I think it is a bit unfair to say the British should mend the world but I think that a lot of our political leaders were very coy about the situation.  A lot of work had gone on in Ministry of Defence and foreign ministries amongst academia about the possibility of what we called asymmetrical warfare, weapons of mass destruction, and what terrorism may do.  And, governments barely listened.  They really didn’t do much about it.  I think that the intelligence services may not have come up with the answers that we wanted.  I don’t think it was altogether their fault.  After the cold war a lot of money was taken out of intelligence.  Priorities were re-ordered.  The British took their spies probably out of Afghanistan and put them into Brussels (Laughter).  And I think that another reason, particularly in the United States, was that political correctness crept into spying.  Spies and agents are never really nice people.  And the Americans had a disaster in Guatemala when one of their agents behaved extremely badly.  That really made certain people of the administration feel that they had to be very careful of who they recruited as agents.  It doesn’t take me to tell you that the best agents are not sisters of charity.  They are people who are probably reprehensible themselves.  I was very interested when I said goodbye to my Russian opposite number, who was not a man with who I had particularly good relations, because he usually belaboured me about enlargement of NATO or missile defence.  But what he did say was that he felt the United Kingdom, United States and most of the countries of Europe had no idea about what the terroristic menace really was and that we should wake-up.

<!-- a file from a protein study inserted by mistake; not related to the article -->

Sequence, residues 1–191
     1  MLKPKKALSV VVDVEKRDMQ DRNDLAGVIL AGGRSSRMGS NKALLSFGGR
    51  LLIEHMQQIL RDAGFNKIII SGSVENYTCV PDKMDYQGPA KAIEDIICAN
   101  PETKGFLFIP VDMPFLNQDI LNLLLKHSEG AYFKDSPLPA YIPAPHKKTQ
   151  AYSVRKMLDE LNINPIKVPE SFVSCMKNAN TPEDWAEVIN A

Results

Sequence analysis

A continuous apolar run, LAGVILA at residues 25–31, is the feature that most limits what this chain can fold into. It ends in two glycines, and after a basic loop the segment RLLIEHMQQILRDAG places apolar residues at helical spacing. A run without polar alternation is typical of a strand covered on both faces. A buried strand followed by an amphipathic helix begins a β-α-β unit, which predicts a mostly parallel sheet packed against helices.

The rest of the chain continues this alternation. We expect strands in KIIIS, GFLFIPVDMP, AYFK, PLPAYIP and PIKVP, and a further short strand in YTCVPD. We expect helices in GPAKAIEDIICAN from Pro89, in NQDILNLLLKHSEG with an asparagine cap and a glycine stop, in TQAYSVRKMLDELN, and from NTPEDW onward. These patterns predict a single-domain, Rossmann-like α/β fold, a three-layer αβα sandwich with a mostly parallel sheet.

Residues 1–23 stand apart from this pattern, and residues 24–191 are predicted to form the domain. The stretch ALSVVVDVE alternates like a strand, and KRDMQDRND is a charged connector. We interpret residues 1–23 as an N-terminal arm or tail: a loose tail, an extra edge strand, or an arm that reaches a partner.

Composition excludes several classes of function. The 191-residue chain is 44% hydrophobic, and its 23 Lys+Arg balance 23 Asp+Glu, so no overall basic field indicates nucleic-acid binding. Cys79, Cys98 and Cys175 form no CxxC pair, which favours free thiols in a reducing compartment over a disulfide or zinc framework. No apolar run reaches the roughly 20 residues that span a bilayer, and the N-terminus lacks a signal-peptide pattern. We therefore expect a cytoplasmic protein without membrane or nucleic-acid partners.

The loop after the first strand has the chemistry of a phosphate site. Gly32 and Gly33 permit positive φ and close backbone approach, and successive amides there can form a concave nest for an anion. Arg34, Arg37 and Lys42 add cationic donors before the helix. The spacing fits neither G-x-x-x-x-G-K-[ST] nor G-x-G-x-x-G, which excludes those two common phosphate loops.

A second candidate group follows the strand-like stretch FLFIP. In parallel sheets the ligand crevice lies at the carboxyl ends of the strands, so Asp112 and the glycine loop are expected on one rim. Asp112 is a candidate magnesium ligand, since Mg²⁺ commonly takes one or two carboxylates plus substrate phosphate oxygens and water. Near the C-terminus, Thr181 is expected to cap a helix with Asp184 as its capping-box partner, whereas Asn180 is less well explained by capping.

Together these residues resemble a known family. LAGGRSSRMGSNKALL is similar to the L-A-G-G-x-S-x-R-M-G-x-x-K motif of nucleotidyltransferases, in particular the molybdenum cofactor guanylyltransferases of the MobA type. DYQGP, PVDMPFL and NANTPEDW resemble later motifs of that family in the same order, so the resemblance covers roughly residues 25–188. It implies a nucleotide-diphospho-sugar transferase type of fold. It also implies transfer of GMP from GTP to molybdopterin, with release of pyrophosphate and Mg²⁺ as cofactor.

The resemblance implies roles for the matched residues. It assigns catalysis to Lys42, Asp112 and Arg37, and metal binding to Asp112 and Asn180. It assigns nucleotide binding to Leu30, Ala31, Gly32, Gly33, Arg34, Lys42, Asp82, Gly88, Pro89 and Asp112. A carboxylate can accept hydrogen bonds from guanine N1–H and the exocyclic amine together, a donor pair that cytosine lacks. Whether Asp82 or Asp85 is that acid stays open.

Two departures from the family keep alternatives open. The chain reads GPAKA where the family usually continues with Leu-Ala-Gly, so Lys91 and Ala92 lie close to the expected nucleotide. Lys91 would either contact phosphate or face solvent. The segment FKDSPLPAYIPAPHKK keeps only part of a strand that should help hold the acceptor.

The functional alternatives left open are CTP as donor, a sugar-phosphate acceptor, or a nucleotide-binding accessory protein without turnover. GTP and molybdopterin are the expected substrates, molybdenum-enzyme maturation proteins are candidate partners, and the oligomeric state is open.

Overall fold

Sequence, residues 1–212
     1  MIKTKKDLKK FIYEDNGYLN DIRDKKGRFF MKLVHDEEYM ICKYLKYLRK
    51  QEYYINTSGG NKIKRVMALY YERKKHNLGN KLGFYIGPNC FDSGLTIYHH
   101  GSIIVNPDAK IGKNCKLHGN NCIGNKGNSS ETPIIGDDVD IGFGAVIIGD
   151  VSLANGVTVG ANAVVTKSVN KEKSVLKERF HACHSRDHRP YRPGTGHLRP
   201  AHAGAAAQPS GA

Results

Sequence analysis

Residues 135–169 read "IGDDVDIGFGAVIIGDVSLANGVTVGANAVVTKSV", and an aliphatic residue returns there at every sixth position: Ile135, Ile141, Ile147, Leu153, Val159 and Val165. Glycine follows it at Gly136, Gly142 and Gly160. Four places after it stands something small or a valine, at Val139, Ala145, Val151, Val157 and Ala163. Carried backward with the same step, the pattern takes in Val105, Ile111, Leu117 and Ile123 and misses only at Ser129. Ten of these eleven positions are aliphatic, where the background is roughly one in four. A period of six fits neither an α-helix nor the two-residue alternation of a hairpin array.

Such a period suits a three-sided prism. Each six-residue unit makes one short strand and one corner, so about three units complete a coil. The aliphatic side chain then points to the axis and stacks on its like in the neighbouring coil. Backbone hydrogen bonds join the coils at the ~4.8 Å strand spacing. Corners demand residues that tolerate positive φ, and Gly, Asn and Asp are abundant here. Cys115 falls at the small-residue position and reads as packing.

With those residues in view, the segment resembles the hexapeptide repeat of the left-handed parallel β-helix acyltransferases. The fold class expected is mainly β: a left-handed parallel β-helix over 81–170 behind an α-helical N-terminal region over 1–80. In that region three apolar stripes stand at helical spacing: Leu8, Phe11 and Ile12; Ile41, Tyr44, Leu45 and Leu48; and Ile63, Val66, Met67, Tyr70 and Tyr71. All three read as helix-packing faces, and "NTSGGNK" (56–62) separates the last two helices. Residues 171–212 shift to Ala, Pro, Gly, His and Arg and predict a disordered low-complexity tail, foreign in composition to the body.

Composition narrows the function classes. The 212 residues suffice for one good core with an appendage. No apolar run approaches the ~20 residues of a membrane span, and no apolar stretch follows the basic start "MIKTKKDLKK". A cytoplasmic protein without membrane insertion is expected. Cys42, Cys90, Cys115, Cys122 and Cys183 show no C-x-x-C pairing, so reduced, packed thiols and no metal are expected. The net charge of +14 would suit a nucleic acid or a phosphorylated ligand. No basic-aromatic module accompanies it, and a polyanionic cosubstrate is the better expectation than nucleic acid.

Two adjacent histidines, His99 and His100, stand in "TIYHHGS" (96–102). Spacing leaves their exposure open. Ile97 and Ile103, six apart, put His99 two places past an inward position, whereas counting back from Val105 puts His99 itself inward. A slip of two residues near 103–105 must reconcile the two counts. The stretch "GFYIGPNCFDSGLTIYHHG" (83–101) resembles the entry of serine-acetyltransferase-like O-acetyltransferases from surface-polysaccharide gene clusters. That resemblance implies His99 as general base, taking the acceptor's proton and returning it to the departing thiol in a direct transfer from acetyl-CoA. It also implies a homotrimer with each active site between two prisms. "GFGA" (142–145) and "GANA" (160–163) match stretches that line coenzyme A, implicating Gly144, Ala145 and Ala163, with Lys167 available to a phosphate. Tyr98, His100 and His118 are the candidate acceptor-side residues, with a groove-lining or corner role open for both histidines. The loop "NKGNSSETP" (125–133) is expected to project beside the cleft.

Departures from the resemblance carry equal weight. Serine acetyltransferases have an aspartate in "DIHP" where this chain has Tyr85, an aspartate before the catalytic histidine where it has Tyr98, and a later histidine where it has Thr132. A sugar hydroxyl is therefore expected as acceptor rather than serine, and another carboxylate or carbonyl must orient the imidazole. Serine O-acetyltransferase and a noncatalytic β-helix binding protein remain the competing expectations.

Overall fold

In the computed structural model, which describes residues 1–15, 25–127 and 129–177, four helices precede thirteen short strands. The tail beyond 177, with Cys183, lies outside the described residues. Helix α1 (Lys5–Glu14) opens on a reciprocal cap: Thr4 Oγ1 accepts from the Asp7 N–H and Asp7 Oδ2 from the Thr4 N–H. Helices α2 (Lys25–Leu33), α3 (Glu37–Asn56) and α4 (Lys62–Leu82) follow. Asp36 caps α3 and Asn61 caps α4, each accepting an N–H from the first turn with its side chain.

If you look at the soft under belly of Russia – the former Soviet Republic and Muslim ones – he was really worried about it.  At the time, I suspected he was making an excuse about Chehiniy, but you know he had a point.  A point in which we I‘m afraid our country didn’t realise.  We were harbouring people in our country that were causing, and could cause, trouble.  And when I was Chief of Staff, I was always interested how, when I went to Turkey, Egypt or other countries, what admittance was made in their choices to harbour people who were terrorists.